[Clinical analysis of children with group B streptococcal meningitis in 2013-2017 in a single center].
Zhonghua Er Ke Za Zhi. 2019 Jun 02;57(6):452-457
Authors: Zhang XX, Geng ZX, Zhu L, Li MH, Wang YJ, Qian SY, Liu G
Objective: To explore the clinical features, the risk factors of mortality and drug resistance of the isolates in patients with group B streptococcus (GBS) meningitis. Methods: A retrospective analysis was performed in 96 children with GBS meningitis (46 males and 50 females) at Beijing Children's Hospital Affiliated to Capital Medical University from January 2013 to October 2017. The clinical characteristics, prognosis and drug resistance were reviewed and analyzed. According to the onset time, the patients were divided into early onset disease (EOD, 0-6 days), late onset disease (LOD, 7-89 days) and very late onset disease (VLOD, 90 days-16 years), the clinical features were compared. According to the results of cranial imaging examination, the patients were divided into two groups: those with neurological complications and those without neurological complications. The influencing factors of neurological complications were analyzed. According to the outcome of 28 days after discharge, patients were divided into death group and survival group. The risk factors of mortality were analyzed by multivariate Logistic regression analysis. Non-numeric variables were analyzed with χ(2) test or Fisher's exact test. Numeric variable between groups were compared with nonparametric test. Results: A total of 96 patients were enrolled, including 18 (19%) EOD, 71 (74%) LOD and 7 (7%) VLOD cases. The median age of EOD cases was 2 days, with a range from 0 to 6 days. The median age of LOD cases was 31 days, with a range from 7 to 81 days. The median age of VLOD cases was 153 days, with a range from 95 to 214 days. Before the onset of the disease, the mother had mastitis in 6 cases and premature rupture of membranes in 6 cases. The common clinical manifestations of patients were fever (95%, 91/96), anorexia (65%, 62/96), seizure (56%, 54/96), and consciousness changes (36%, 35/96). The differences were statistically significant in gender (13/18 vs. 28/71 vs. 5/7, χ(2)=7.705, P=0.024), the number of cases who was admitted to intensive care unit (ICU) (5/18 vs. 31/71 vs. 0, χ(2)=6.065, P=0.042) and peripheral blood leukocyte (12(4, 18)×10(9)/L vs. 6(3, 11)×10(9)/L vs. 13(6, 17)×10(9)/L, H=9.885, P=0.007) in EOD group, LOD group and VLOD group. Cranial imaging was performed in 94 patients, 60 patients (64%) developed neurological complications, including subdural effusion (31/94, 33%), followed by intracranial hemorrhage (26/94, 28%), cerebral softening (19/94, 20%), cerebral atrophy (15/94, 16%), ependinitis (8/94, 9%) and hydrocephalus (4/94, 4%). By univariate χ(2) test analysis, seizure (63% (38/60) vs.41% (14/34), χ(2)=4.310, P=0.038) was a risk factor of neurological complications. Within 28 days after discharge, 88 patients survived and 8 patients died, with a fatality rate of 8%. The independent risk factors for the death were septic shock (OR: 9.548, 95% CI 1.439-63.356, P=0.019) and respiratory failure (OR: 7.053, 95% CI 1.160-42.888, P=0.034). All of isolates were susceptible to penicillin (68/68), ceftriaxone (47/47), cefepime (50/50), vancomycin (60/60) and linezolid (54/54), while the rates of resistance to tetracycline, levofloxacin, clindamycin and erythromycin were 5/12, 17/45, 38/46 and 32/37, respectively. Conclusions: The main type of GBS meningitis is late onset cases. The incidence of neurological complications was high. The independent risk factors for death were septic shock and respiratory failure. The strains were severely resistant to clindamycin and erythromycin.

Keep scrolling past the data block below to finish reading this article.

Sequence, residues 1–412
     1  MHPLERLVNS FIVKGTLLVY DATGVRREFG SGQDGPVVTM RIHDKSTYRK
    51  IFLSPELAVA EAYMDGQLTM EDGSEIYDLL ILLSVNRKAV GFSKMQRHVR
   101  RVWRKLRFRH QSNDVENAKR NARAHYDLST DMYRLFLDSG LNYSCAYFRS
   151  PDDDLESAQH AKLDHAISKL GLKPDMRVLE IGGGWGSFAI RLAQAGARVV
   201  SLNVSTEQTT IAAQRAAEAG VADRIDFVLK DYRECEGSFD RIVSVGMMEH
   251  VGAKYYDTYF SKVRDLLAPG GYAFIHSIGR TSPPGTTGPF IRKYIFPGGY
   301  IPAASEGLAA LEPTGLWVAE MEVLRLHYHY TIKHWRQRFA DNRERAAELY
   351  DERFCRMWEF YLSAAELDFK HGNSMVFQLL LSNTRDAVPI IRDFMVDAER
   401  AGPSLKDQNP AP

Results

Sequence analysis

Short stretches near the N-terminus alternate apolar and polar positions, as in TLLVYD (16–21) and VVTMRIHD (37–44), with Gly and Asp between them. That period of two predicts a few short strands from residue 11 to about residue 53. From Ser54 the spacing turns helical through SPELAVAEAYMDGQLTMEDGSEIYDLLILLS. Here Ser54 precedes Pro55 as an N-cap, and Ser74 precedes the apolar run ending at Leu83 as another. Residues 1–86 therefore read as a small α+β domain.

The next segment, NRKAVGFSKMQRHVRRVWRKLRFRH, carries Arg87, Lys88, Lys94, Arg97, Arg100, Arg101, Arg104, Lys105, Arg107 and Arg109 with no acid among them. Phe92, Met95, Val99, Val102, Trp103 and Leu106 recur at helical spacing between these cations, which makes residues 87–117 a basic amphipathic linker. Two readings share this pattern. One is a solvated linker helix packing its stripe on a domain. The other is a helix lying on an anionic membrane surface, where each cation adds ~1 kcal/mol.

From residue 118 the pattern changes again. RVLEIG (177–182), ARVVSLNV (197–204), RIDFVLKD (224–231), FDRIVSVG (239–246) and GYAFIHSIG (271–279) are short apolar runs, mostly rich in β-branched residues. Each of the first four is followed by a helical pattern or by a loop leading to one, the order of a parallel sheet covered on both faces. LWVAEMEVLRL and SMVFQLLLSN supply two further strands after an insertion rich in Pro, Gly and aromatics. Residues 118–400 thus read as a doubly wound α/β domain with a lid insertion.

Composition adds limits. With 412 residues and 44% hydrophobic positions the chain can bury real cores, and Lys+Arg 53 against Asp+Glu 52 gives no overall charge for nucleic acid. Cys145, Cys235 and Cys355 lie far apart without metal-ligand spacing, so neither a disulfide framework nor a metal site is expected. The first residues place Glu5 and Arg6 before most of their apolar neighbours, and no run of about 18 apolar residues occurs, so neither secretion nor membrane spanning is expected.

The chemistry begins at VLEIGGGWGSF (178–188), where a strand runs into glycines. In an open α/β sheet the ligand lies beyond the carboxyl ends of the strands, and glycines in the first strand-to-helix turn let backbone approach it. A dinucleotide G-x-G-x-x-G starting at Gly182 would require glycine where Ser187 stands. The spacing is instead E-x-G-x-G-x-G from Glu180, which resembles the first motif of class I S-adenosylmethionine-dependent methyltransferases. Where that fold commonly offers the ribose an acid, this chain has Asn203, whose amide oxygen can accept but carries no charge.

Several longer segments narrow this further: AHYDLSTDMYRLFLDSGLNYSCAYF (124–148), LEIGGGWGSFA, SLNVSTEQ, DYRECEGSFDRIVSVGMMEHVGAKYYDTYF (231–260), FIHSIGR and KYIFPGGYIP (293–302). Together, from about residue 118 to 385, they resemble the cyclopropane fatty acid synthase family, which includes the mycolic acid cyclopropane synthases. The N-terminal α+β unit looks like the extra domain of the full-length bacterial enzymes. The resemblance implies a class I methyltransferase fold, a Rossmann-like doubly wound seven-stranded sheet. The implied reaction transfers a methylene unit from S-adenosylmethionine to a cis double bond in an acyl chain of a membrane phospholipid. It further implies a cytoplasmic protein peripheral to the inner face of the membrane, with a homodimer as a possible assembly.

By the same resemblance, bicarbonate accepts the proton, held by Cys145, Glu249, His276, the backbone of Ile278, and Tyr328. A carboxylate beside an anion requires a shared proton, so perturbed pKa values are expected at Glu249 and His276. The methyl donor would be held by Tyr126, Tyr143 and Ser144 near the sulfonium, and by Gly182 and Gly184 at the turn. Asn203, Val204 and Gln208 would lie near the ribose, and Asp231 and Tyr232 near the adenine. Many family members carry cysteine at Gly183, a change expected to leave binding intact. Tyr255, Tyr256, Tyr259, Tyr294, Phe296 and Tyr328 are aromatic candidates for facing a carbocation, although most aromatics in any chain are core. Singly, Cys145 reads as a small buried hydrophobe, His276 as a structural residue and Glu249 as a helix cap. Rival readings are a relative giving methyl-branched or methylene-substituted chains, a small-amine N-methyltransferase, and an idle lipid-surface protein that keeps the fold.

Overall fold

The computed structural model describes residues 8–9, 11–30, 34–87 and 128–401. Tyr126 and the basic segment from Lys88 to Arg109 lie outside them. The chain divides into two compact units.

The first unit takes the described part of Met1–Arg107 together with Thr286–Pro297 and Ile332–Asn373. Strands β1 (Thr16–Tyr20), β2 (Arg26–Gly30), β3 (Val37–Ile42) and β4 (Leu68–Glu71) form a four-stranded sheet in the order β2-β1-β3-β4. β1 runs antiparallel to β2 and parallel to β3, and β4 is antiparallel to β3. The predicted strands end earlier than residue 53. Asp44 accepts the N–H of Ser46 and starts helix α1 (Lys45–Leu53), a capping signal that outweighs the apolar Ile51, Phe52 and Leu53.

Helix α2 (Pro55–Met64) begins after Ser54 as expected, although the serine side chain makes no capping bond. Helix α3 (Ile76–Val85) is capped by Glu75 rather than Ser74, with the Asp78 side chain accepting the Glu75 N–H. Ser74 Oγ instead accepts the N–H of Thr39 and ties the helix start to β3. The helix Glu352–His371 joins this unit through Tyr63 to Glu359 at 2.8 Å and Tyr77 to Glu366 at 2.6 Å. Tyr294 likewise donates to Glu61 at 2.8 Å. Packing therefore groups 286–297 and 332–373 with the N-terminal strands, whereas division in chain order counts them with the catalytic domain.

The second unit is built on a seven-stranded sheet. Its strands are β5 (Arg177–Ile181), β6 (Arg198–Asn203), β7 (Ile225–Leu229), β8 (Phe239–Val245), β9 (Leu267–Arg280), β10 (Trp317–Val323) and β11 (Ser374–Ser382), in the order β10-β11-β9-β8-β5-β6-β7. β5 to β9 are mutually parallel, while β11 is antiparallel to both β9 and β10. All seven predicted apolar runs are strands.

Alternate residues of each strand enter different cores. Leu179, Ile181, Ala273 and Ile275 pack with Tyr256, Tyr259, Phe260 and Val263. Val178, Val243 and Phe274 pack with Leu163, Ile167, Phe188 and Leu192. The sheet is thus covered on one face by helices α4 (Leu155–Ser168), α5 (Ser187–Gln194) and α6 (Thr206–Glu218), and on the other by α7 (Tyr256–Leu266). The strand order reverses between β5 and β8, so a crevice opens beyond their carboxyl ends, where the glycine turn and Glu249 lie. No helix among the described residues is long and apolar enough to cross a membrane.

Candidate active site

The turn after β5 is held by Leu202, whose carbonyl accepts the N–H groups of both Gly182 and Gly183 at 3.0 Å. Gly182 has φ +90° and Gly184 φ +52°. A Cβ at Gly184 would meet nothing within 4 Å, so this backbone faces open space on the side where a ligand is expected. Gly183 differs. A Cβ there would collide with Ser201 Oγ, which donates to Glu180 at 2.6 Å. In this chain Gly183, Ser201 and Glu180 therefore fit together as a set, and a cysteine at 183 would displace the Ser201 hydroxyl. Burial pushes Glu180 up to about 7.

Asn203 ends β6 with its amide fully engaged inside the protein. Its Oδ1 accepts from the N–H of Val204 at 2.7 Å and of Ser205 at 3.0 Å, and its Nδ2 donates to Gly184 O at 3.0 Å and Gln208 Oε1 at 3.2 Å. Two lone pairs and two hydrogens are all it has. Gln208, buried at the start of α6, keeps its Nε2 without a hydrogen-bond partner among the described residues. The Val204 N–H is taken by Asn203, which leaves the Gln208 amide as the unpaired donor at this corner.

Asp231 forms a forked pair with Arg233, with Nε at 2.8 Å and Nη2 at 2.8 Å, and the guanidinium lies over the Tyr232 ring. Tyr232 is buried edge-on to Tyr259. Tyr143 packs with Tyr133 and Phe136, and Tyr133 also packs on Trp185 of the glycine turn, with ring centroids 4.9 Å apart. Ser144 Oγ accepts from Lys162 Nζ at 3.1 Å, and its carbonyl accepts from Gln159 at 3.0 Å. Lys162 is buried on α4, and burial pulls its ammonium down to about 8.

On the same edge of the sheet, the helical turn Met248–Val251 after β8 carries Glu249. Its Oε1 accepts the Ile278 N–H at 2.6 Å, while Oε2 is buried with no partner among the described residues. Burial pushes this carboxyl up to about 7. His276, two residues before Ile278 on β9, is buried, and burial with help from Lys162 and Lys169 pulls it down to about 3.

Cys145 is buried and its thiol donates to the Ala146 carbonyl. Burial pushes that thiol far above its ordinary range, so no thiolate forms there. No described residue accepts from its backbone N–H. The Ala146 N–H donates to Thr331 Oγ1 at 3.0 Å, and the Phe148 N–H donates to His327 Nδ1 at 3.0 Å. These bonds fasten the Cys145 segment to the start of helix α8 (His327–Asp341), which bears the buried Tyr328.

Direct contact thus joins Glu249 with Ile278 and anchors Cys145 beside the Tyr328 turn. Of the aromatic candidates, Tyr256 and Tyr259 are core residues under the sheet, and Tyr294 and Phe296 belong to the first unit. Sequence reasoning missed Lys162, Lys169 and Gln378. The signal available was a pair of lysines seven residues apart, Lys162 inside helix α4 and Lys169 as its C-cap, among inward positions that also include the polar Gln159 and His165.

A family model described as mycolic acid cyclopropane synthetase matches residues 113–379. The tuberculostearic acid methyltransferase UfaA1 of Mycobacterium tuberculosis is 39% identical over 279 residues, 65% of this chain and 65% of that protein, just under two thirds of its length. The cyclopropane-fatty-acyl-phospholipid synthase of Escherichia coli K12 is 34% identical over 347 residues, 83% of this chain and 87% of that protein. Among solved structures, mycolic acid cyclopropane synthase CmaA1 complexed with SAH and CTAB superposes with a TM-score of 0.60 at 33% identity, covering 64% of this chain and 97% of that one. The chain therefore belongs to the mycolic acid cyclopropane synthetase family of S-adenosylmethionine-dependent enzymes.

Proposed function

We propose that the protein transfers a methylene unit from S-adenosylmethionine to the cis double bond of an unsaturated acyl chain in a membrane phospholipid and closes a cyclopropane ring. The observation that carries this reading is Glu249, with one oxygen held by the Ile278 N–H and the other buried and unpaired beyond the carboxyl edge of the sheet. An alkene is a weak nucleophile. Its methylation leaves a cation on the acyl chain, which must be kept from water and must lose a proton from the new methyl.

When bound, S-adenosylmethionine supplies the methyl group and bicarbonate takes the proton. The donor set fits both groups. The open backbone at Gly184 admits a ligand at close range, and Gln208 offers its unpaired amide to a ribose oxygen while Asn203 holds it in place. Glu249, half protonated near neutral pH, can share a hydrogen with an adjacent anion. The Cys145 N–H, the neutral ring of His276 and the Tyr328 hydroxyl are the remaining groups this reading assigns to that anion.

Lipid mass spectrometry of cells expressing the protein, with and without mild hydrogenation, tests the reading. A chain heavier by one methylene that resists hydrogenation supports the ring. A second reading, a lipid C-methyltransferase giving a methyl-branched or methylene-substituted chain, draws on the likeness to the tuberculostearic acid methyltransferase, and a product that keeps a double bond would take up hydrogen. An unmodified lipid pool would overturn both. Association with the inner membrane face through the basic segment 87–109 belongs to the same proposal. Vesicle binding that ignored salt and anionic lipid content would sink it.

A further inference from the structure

PMID: 31216803 [PubMed - in process]